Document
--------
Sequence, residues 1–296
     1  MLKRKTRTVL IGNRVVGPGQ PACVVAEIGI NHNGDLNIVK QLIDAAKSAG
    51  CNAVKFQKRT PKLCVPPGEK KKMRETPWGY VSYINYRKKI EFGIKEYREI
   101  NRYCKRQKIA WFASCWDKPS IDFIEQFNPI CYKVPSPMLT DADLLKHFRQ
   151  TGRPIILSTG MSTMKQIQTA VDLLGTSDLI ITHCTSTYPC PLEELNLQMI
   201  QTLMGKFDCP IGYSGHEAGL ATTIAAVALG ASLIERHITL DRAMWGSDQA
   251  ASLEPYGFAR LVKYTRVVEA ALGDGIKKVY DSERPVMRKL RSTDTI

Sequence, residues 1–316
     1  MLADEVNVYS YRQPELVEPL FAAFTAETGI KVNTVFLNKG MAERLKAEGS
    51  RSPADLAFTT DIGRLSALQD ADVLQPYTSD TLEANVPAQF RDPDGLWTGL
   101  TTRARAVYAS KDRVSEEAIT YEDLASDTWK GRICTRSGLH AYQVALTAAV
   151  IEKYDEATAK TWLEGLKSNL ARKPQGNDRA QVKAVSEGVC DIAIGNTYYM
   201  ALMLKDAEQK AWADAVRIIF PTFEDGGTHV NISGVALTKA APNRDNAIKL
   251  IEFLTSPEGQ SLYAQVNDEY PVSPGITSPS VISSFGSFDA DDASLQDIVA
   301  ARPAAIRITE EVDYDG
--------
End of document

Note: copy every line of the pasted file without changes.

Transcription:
Sequence, residues 1–296
     1  MLKRKTRTVL IGNRVVGPGQ PACVVAEIGI NHNGDLNIVK QLIDAAKSAG
    51  CNAVKFQKRT PKLCVPPGEK KKMRETPWGY VSYINYRKKI EFGIKEYREI
   101  NRYCKRQKIA WFASCWDKPS IDFIEQFNPI CYKVPSPMLT DADLLKHFRQ
   151  TGRPIILSTG MSTMKQIQTA VDLLGTSDLI ITHCTSTYPC PLEELNLQMI
   201  QTLMGKFDCP IGYSGHEAGL ATTIAAVALG ASLIERHITL DRAMWGSDQA
   251  ASLEPYGFAR LVKYTRVVEA ALGDGIKKVY DSERPVMRKL RSTDTI

Sequence, residues 1–316
     1  MLADEVNVYS YRQPELVEPL FAAFTAETGI KVNTVFLNKG MAERLKAEGS
    51  RSPADLAFTT DIGRLSALQD ADVLQPYTSD TLEANVPAQF RDPDGLWTGL
   101  TTRARAVYAS KDRVSEEAIT YEDLASDTWK GRICTRSGLH AYQVALTAAV
   151  IEKYDEATAK TWLEGLKSNL ARKPQGNDRA QVKAVSEGVC DIAIGNTYYM
   201  ALMLKDAEQK AWADAVRIIF PTFEDGGTHV NISGVALTKA APNRDNAIKL
   251  IEFLTSPEGQ SLYAQVNDEY PVSPGITSPS VISSFGSFDA DDASLQDIVA
   301  ARPAAIRITE EVDYDG